A Sanskrit word, Satpura roughly translates into the seven mountains ( Sapta means numerical seven and Pura means mountains ). The seven mountains indicate the Satpura Maikal Landscape & the Satpura ranges.
Captain James Forsyth of the Bengal Lancers is credited with exploring the Satpura landscape which also includes Pachmarhi while in persuit of he noted Indian Freedom Fighter Tantya Tope.
Capt. James Forsyth gave a detailed description in his accomplished book “The Highlands of Central India”.
The lush green forests of Satpura and the elevation of Pachmarhi escalated the ecological and commercial value of the region and was one of the first protected area to be declared by the government.
The Vindhyas have a great significance in Indian mythology and history. Several ancient texts mention the Vindhyas as the southern boundary of the Āryāvarta, the territory of the ancient Indo-Aryan peoples. Although today Indo-Aryan languages are spoken south of the Vindhyas, the range continues to be considered as the traditional boundary between north and south India. The former Vindhya Pradesh was named after the Vindhya Range.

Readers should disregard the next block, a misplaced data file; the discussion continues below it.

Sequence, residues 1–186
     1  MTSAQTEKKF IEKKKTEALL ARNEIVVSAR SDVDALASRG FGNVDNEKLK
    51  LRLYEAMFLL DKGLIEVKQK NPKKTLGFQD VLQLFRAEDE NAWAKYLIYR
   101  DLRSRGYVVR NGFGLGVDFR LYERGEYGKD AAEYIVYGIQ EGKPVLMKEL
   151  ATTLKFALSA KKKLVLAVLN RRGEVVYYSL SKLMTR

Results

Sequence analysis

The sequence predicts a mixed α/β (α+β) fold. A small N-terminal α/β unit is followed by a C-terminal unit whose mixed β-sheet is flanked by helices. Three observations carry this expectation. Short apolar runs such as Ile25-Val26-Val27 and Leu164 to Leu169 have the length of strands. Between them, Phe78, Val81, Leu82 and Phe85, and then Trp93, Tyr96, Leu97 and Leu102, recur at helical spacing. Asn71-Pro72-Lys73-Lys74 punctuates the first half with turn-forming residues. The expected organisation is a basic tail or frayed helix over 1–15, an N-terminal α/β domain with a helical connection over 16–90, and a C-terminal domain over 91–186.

- 1862 – Capt. James Forsyth explored the Pachmarhi.
- 1864 – Colonel Pearson introduced fire protection measures.
- 1916 – D.O. Witt prepared list of plants, shrubs and trees.
- 1975 – Bori Sanctuary came into existence.
- 1981 – Satpura National Park Notified.
- 1999 – Pachmarhi Biosphere Reserve declared
- 2000 – Satpura Tiger Reserve Notified.
- 2007 – Notification of Critical Tiger Habitat.
- 2010 – Notification of Buffer Zone